The world July climate report was issued by the National Oceanic and Atmospheric Administration (NOAA) this week -- and the big takeaway is that warming around the earth -- yes, global warming -- continues. There were some relatively cooler areas, but they were small in number compared to the rest of the globe.
Here are some highlight text comments from the report:
The year-to-date temperature combined across global land and ocean surfaces was 1.53 degrees Fahrenheit (0.85 degrees Celsius) above the 20th century average. This was the highest for January-July in the 1880-2015 record, surpassing the previous record set in 2010 by 0.16 deg F (0.09 deg C).
The year-to-date globally averaged land surface temperature was 2.41 deg F (1.34 deg C) above the 20th century average. This was the highest for January-July in the 1880-2015 record, surpassing the previous record of 2007 by 0.27 deg F (0.15 deg C).
The year-to-date globally averaged sea surface temperature was 1.21 deg F (0.67 deg C) above the 20th century average. This was also the highest for January-July in the 1880-2015 record, surpassing the previous record of 2010 by 0.11 deg F (0.06 deg C). Every major ocean basin observed record warmth in some areas.
The combined average temperature over global land and ocean surfaces for July 2015 was the highest for July in the 136-year period of record, at 0.81 deg C (1.46 deg F) above the 20th century average of 15.8 deg C (60.4 deg F), surpassing the previous record set in 1998 by 0.08 deg C (0.14 deg F). As July is climatologically the warmest month of the year globally, this monthly global temperature of 16.61 deg C (61.86 deg F) was also the highest among all 1627 months in the record that began in January 1880. The July temperature is currently increasing at an average rate of 0.65 deg C (1.17 deg F) per century.
(The previous paragraph is worth noting. Comments about the Earth's warming trend having slowed or stopped since 1998 can be put to rest. -- BA)
The full report is available here: http://goo.gl/…
Also, the global warming connection to the historic and devastating drought in the Far West was highlighted in a peer-reviewed paper sent out this week. The paper is titled "Contribution of anthropogenic warming to California drought during 2012-2014." It is authored by a team comprising four scientists from Columbia University and one from the University of Idaho.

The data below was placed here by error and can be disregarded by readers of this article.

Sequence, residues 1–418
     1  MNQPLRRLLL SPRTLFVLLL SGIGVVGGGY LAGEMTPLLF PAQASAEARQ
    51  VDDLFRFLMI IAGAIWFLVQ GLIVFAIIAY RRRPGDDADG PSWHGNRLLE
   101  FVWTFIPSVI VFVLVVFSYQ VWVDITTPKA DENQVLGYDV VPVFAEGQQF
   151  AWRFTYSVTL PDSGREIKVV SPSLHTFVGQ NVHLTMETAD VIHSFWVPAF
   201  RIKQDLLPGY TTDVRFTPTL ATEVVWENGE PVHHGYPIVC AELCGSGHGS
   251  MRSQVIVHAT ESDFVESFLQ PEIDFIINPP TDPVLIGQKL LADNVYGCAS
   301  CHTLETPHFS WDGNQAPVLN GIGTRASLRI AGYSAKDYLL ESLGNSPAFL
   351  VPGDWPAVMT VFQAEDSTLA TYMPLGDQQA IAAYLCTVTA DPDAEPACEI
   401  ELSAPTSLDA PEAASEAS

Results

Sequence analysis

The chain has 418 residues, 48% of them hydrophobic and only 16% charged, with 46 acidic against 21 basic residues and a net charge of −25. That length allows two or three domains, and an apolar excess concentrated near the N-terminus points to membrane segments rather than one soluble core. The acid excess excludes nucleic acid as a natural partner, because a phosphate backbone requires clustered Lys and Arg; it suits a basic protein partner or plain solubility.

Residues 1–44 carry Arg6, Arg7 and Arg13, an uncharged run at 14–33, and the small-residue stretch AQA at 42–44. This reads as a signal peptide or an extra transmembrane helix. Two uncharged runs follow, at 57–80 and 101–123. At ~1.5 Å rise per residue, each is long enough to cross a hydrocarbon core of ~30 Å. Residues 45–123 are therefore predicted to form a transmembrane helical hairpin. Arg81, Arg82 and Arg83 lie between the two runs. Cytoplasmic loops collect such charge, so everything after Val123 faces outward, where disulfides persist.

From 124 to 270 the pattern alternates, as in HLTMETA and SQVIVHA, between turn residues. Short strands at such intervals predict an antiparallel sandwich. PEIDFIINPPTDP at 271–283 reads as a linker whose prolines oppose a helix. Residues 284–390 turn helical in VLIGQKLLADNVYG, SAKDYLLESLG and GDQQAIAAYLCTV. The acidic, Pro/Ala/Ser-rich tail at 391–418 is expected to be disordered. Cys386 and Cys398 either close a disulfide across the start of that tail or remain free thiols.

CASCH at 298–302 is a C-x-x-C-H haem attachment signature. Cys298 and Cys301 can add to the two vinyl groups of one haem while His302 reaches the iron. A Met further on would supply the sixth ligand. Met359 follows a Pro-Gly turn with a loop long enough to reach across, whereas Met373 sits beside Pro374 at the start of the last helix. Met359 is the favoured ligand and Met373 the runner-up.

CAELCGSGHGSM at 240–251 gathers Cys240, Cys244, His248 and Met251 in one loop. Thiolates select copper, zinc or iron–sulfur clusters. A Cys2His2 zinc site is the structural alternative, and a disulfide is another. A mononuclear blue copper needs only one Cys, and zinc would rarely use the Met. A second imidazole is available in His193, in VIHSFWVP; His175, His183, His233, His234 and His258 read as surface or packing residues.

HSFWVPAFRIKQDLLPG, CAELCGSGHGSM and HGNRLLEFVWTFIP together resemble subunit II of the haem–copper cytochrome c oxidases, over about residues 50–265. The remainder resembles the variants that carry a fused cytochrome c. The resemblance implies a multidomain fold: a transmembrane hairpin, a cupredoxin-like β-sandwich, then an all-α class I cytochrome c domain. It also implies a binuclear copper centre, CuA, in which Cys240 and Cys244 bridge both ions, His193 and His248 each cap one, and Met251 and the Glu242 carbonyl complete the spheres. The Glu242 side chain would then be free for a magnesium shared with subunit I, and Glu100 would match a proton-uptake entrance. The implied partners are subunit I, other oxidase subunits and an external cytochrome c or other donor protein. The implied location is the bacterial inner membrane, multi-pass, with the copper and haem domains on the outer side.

Here is the abstract summary:
"A suite of climate datasets and multiple representations of atmospheric moisture demand are used to calculate many estimates of the self-calibrated Palmer Drought Severity Index, a proxy for near-surface soil moisture, across California from 1901-2014 at high spatial resolution.
Based on the ensemble of calculations, California drought conditions were record-breaking in 2014, but probably not record-breaking in 2012-2014, contrary to prior findings. Regionally, the 2012-2014 drought was record-breaking in the agriculturally important southern Central Valley and highly populated coastal areas.
Contributions of individual climate variables to recent drought are also examined, including the temperature component associated with anthropogenic warming.
Precipitation is the primary driver of drought variability but anthropogenic warming is estimated to have accounted for 8-27 percent of the observed drought anomaly in 2012-2014 and 5-18 percent in 2014.
Although natural variability dominates, anthropogenic warming has substantially increased the overall likelihood of extreme California droughts."
The lead author of this letter, A. Park Williams of the Lamont-Doherty Earth Observatory at Columbia University, told the New York Times that the air over California can absorb about 8.5 trillion more gallons of water in a typical year than would have been the case in the cooler atmosphere at the end of the 19th century.
© Copyright 2015 DTN/The Progressive Farmer. All rights reserved.